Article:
French man with suspected links to 9/11 held in Pakistan
PAKISTANI INTELLIGENCE officials have detained a French man of Algerian origin who is suspected of having links to an al-Qaeda cell that carried out the attacks of September 11th, 2001, a senior Pakistani official said yesterday.
The official identified the man as Naamen Meziche and said he had been captured in western Baluchistan province, between the main city of Quetta and the remote Iranian border, some time in the past month.
“He was trying to travel out, probably to Somalia,” said the official, who spoke on condition of anonymity.
The arrest was confirmation that intelligence co-operation was still operating at some level between Pakistan and the United States, despite a critical breakdown in relations over a range of issues, from Nato supply lines to Taliban infiltration into Afghanistan.
It also pointed to a pattern of militant migration from Waziristan, along the Afghan border, to safer locations in Somalia and Yemen, perhaps as a result of the rising toll of CIA drone strikes in Pakistan.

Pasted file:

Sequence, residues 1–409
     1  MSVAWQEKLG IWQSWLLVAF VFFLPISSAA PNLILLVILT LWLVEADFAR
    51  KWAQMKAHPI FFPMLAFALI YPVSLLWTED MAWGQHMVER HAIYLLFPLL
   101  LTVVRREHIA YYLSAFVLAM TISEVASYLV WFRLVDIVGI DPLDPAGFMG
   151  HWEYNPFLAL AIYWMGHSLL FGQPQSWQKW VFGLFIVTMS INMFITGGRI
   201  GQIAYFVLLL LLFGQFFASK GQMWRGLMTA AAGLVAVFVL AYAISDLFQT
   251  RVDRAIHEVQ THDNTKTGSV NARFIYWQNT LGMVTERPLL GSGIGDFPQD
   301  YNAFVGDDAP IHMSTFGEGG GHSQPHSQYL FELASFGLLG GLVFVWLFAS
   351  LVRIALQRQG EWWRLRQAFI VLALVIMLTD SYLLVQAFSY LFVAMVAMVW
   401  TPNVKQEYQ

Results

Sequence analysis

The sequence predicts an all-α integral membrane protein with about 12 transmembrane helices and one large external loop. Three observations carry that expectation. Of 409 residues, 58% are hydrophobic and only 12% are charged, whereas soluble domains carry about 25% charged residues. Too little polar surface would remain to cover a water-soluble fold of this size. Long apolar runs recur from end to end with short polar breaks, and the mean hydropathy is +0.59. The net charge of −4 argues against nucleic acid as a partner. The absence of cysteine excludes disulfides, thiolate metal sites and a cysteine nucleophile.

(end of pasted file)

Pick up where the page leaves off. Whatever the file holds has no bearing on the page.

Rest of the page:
Western intelligence assessments describe Meziche as in his early 40s and acting as a mid-level recruiter for Islamist extremist groups, including al-Qaeda. They say Meziche, who lived in Germany for an unspecified amount of time, was close to Mohammed Atta and other members of the cell in Hamburg, Germany, who participated in the September 11th attacks.
After September 2001, Meziche helped recruit militants for Abu Musab al-Zarqawi, the leader of al-Qaeda in Iraq, according to an account attributed to European officials in the Long War Journal, a blog that follows drone strikes and militant activity. At one point he was said to have been detained in Syria while trying to make his way into Iraq.
Meziche later travelled to Pakistan’s tribal belt, along the Afghan border, where he set up house. He was familiar with the area – in the 1990s he gained his introduction to the jihadist world at militant training camps in Taliban-controlled Afghanistan.
In Waziristan, western intelligence officials believe, Meziche sheltered under the umbrella of the Islamic Movement of Uzbekistan, an ethnic Uzbek group with close ties to al-Qaeda and which over the years has provided a gateway into the jihadi world for several recruits coming from Germany.
Speaking by phone from her home in Hamburg yesterday, Meziche’s ex-wife Miriam Fizazi said she had no information about his arrest.
“The last time I spoke to him was in December,” she said. “We had been in touch for quite some time while he was in Iran. I tried to convince him to come back, but he didn’t listen to me. I feel especially sorry for my children.” – (New York Times service)